In this July 2011 photo released by Conservation International, an adult female northern white-cheeked crested gibbon, right, carries its baby as an adult male sits nearby at Pu Mat National Park, Nghe An province in Vietnam. About 455 northern white-cheeked crested gibbons were discovered in the National Park during a survey by the wildlife group Conservation International. The group is the largest known remaining population of the critically endangered primate. (AP Photo/Conservation International, Terry Whittaker)
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HANOI, Vietnam – Conservationists say they have discovered the largest population of a critically endangered primate living in central Vietnam.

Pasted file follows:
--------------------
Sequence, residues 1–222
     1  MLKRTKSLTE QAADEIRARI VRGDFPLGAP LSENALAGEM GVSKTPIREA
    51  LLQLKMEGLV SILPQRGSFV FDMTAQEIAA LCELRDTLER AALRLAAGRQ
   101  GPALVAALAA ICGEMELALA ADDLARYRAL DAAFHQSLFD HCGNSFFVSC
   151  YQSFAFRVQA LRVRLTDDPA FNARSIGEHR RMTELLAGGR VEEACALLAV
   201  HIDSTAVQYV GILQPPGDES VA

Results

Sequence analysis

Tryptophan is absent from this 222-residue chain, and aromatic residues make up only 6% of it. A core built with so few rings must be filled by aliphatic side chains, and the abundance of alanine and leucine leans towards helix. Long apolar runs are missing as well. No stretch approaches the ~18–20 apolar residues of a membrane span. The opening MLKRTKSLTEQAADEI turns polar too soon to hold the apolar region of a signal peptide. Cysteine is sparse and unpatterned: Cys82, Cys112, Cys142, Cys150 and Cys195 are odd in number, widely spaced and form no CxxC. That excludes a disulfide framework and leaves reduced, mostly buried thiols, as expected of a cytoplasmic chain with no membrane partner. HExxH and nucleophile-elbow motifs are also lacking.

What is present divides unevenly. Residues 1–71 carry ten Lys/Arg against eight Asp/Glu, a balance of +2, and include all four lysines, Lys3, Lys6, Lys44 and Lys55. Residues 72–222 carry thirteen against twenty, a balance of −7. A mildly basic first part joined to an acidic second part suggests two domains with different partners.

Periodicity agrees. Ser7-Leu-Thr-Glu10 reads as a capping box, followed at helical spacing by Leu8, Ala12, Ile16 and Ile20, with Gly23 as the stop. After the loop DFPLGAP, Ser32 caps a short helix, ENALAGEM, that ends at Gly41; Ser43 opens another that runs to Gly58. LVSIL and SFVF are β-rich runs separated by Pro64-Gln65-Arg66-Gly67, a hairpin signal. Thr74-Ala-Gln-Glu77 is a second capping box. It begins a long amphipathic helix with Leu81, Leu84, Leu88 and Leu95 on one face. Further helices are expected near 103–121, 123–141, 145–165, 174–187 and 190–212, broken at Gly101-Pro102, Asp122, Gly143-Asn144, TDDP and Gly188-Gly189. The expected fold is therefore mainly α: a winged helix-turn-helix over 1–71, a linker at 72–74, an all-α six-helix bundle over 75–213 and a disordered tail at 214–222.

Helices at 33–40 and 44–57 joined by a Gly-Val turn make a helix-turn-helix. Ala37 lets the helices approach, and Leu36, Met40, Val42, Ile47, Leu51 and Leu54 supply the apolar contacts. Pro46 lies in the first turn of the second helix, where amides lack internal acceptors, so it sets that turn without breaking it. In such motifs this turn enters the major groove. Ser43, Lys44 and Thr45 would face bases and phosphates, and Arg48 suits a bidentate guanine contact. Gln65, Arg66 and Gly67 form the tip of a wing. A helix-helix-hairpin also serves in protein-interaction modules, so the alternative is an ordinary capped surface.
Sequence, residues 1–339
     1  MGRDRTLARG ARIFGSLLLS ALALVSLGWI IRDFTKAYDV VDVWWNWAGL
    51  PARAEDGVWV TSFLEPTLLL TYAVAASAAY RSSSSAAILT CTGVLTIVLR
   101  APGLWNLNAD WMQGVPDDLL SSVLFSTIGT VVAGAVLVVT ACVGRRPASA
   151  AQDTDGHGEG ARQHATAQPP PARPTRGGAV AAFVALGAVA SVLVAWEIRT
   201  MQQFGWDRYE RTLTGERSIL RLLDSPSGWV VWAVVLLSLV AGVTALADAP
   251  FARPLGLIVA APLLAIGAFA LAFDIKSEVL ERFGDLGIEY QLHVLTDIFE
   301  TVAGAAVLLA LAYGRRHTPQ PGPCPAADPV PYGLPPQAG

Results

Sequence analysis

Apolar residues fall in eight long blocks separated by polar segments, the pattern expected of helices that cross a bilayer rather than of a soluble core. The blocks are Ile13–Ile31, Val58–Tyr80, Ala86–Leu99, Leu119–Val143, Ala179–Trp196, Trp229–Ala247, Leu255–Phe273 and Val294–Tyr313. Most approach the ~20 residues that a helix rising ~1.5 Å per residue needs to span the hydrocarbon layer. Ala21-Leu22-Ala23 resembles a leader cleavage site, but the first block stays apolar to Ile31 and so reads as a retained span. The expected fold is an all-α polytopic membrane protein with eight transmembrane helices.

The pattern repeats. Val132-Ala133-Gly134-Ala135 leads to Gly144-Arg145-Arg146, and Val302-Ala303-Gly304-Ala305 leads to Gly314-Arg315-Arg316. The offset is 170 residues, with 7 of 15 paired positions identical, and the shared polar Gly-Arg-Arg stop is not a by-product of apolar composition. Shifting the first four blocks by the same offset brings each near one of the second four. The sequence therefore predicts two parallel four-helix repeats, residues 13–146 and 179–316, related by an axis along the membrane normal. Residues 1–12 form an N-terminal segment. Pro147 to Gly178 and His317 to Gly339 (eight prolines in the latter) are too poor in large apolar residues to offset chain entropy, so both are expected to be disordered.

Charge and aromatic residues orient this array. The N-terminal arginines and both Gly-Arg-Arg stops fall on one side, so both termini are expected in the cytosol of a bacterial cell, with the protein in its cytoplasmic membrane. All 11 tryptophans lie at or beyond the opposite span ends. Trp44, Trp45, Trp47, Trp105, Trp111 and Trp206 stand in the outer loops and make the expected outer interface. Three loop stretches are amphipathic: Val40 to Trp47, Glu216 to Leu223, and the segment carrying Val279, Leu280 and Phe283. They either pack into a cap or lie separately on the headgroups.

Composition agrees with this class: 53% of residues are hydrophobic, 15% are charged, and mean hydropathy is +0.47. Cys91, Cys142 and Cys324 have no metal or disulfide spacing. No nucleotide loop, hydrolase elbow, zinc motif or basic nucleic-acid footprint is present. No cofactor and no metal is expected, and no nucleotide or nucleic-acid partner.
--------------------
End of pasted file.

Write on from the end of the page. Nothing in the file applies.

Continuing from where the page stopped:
About 455 northern white-cheeked crested gibbons were discovered in Pu Mat National Park in Nghe An province during a survey by the wildlife group Conservation International. They conducted the census by recording the animals' loud morning calls.
The group announced the findings Monday, saying the 130 groups found are the last known viable population of the species still existing.
The primate was known to exist in China, Vietnam and Laos. It is considered functionally extinct in China, but its numbers are unclear in Laos because little research has been conducted there.